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Colorimetric Detection of Anthrax DNA with a Peptide Nucleic Acid Sandwich-Hybridization Assay

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journal contribution
posted on 11.07.2007, 00:00 by Ning Zhang, Daniel H. Appella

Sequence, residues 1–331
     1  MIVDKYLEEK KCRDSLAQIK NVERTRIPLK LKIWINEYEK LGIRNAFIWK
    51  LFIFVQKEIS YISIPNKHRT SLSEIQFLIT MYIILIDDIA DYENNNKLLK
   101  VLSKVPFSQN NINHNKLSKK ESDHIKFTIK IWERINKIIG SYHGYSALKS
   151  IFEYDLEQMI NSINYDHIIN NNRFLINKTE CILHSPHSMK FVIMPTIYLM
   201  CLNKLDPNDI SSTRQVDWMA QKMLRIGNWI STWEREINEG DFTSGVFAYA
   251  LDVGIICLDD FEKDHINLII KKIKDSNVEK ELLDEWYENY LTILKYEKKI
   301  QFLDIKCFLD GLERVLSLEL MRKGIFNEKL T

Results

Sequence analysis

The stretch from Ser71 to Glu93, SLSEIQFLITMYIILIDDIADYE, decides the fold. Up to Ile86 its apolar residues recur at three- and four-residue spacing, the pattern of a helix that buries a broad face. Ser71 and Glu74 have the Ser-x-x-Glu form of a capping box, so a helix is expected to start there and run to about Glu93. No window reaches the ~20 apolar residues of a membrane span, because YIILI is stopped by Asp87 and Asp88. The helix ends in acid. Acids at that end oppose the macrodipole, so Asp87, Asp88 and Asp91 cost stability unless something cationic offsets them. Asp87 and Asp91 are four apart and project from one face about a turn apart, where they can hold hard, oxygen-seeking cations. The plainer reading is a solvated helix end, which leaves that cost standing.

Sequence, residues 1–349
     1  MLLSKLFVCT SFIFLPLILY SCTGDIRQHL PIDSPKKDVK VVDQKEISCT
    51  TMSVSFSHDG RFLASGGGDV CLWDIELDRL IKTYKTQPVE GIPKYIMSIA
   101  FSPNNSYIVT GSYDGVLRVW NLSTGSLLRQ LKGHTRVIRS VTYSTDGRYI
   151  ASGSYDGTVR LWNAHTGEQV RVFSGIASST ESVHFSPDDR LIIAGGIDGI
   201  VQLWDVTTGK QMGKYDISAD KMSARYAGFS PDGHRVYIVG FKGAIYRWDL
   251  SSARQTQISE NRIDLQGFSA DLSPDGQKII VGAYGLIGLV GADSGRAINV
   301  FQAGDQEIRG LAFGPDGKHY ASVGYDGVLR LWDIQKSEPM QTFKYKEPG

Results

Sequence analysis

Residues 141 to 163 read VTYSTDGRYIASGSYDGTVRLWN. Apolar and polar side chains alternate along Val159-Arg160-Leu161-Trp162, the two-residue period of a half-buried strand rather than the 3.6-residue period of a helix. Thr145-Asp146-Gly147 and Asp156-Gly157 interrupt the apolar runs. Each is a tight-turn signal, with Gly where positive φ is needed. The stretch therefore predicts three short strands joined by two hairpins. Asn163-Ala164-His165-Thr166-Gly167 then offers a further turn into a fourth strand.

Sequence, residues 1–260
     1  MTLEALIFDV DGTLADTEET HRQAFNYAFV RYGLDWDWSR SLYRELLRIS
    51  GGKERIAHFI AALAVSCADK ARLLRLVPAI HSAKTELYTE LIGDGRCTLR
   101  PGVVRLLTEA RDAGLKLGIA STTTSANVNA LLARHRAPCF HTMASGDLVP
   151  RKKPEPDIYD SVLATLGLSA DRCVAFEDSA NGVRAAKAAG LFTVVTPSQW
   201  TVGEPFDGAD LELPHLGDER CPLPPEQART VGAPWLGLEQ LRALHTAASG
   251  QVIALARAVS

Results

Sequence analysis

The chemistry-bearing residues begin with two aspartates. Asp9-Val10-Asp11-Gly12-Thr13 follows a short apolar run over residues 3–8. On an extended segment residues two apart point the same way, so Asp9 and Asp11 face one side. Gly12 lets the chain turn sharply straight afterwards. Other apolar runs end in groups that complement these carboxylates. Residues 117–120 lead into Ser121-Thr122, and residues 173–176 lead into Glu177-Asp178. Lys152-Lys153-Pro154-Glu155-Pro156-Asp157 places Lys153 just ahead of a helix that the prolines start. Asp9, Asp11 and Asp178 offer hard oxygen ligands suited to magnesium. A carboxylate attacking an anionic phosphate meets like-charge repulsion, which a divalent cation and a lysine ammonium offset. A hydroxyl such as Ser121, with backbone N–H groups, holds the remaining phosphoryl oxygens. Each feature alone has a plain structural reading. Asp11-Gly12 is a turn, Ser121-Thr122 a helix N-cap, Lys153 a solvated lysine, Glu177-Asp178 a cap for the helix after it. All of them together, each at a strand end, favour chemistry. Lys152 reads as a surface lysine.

Technologies for genomic detection most commonly use DNA probes to hybridize to target sequences. To achieve required sensitivity, the use of PCR to amplify target sequences has remained standard practice in many labs. Direct detection methods that eliminate the requirement for a PCR step could afford faster and simpler devices that can be used outside of a laboratory. We have developed a sandwich-hybridization DNA detection system in which the DNA detection probes are replaced with a class of synthetic nucleic acid mimics called peptide nucleic acids (PNAs). There are numerous advantages to using PNA instead of DNA probes in hybridization assays, including complete resistance to degradation by enzymes, increased sequence specificity to complementary DNA, and higher stability when bound with complementary DNA. In this communication, several different strategies are described to improve and fine-tune the properties of PNA so that anthrax DNA can be detected at a 10 zmol limit. Key to the success of these strategies is the ability to introduce chemical modifications into the PNA to improve thermal stability and to increase the number of biotin groups to which a horseradish peroxidase−avidin conjugate can bind.

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